18. I also believe that man is a microcosm, comprehending in himself partially everything which the world contains divinely and totally. That hence he is endued with an intellect subsisting in energy, and a rational soul proceeding from the same causes as those from which the intellect and soul of the universe proceed. And that he has likewise an ethereal vehicle analogous to the heavens, and a terrestrial body composed from the four elements, and with which also it is co-ordinate.

19. I believe that the rational part of man, in which his essence consists [Page 20] is of a self-motive nature, and that it subsists between intellect, which is immoveable both in essence and energy, and nature, which both moves and is moved.

20. I believe that the human as well as every mundane soul, uses periods and restitutions of its proper life. For in consequence of being measured by time, it energizes transitively, and possesses a proper motion. But every thing which is moved perpetually, and participates of time, revolves periodically, and proceeds from the same to the same.

21. I also believe that as the human soul ranks among the number of those souls that sometimes follow the mundane divinities, in consequence of subsisting immediately after daemons and heroes the perpetual attendants of the gods, it possesses a power of descending infinitely into the sublunary region, and of ascending from thence to real being. That in consequence of this, the soul while an inhabitant of earth is in a fallen condition, an apostate from deity, an exile from the orb of light. That she can only be restored while on earth to the divine likeness, and be able after death to reascend to the intelligible world, by the exercise of the cathartic and theoretic virtues; the former purifying her from the defilements of a mortal nature, and the latter elevating her to the vision of true being. And that such a soul returns after death to her kindred star from which she fell, and enjoys a blessed life.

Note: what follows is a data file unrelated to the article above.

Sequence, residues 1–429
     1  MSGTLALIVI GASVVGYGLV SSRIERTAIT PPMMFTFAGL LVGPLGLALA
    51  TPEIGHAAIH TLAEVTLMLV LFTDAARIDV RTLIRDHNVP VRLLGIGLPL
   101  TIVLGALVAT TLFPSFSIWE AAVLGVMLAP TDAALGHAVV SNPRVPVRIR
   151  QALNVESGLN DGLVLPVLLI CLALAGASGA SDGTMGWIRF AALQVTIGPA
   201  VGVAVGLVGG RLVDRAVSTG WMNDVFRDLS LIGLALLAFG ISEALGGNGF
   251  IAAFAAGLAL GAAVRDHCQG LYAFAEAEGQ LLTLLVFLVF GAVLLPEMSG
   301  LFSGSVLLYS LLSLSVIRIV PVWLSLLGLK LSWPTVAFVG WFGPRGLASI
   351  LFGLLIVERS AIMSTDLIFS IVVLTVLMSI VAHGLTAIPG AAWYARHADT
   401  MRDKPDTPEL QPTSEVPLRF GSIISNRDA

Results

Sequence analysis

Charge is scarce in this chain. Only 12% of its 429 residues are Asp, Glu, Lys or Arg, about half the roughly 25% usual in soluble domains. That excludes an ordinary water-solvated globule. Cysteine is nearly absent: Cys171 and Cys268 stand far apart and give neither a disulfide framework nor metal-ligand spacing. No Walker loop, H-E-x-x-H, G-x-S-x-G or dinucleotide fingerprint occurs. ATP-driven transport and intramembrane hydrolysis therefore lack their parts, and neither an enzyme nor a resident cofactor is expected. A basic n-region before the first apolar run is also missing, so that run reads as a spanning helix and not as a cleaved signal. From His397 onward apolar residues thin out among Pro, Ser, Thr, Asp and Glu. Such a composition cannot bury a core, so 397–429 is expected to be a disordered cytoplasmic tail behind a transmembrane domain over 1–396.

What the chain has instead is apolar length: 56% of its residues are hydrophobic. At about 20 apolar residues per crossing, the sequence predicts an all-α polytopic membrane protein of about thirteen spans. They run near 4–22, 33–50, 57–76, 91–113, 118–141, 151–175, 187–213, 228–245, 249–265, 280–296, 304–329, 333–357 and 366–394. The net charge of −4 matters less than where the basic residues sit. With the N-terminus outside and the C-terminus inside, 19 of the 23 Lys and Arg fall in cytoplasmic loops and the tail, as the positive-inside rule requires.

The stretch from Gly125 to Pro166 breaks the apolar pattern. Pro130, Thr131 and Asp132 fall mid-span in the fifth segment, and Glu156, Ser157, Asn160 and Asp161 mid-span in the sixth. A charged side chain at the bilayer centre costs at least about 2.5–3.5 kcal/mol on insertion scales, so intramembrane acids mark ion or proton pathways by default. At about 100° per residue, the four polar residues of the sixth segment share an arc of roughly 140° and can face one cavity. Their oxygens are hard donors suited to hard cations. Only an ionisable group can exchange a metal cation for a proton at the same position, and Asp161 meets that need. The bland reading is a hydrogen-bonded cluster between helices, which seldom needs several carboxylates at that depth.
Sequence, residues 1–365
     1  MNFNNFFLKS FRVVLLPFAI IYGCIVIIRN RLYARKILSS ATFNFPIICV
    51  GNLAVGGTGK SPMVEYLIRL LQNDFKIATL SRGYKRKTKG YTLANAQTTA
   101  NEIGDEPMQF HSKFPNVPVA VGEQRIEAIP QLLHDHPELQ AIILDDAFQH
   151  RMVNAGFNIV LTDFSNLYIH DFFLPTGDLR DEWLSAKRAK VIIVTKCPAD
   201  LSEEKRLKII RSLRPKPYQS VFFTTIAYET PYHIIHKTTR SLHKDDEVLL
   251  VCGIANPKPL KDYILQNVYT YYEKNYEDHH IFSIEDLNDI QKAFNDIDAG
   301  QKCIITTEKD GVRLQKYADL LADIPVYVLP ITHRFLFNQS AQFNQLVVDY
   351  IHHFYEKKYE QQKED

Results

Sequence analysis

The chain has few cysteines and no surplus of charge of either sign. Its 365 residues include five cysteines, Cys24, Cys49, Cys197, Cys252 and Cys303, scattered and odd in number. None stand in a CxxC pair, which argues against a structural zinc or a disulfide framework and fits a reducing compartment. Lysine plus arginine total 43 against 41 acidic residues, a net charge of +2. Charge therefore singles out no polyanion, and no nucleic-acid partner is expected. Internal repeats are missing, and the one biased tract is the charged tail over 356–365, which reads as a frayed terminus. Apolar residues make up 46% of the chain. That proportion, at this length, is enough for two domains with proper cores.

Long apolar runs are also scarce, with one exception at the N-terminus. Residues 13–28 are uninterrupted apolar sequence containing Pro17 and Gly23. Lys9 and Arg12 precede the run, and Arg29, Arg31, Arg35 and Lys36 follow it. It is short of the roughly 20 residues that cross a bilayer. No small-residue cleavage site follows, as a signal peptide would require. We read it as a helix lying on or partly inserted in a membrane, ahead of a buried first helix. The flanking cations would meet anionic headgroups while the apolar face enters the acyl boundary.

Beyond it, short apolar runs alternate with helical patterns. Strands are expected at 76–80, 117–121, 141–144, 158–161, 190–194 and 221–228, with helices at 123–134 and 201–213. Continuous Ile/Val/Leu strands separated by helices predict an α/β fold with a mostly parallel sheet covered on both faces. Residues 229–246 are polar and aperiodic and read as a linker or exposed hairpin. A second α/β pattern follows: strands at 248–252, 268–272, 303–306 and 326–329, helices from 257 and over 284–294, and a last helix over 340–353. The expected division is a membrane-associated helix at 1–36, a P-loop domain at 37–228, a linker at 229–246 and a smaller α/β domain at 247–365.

22. I believe that the human soul essentially contains all knowledge, and that whatever knowledge she acquires in the present life, is nothing more than a recovery of what she once possessed; and which discipline evocates from its dormant retreats.

23. I also believe that the soul is punished in a future for the crimes she has committed in the present life; but that this punishment is proportioned to the crimes, and is not perpetual; divinity punishing, not from anger or revenge, but in order to purify the guilty soul, and restore her to the proper perfection of her nature.

24. I also believe that the human soul on its departure from the present life, will, if not properly purified, pass into other terrene bodies; and that if it passes into a human body, it becomes the soul of that body; but if into the body of a brute, it does not become the soul of the brute, but is externally connected with the brutal soul in the same manner as presiding daemons are connected in their beneficent operations with mankind; for the rational part never becomes the soul of the irrational nature.

25. Lastly, I believe that souls that live according to virtue, shall in other respects be happy; and when separated from the irrational nature, and purified from all body, shall be conjoined with the gods, and govern the whole world, together with the deities by whom it was produced.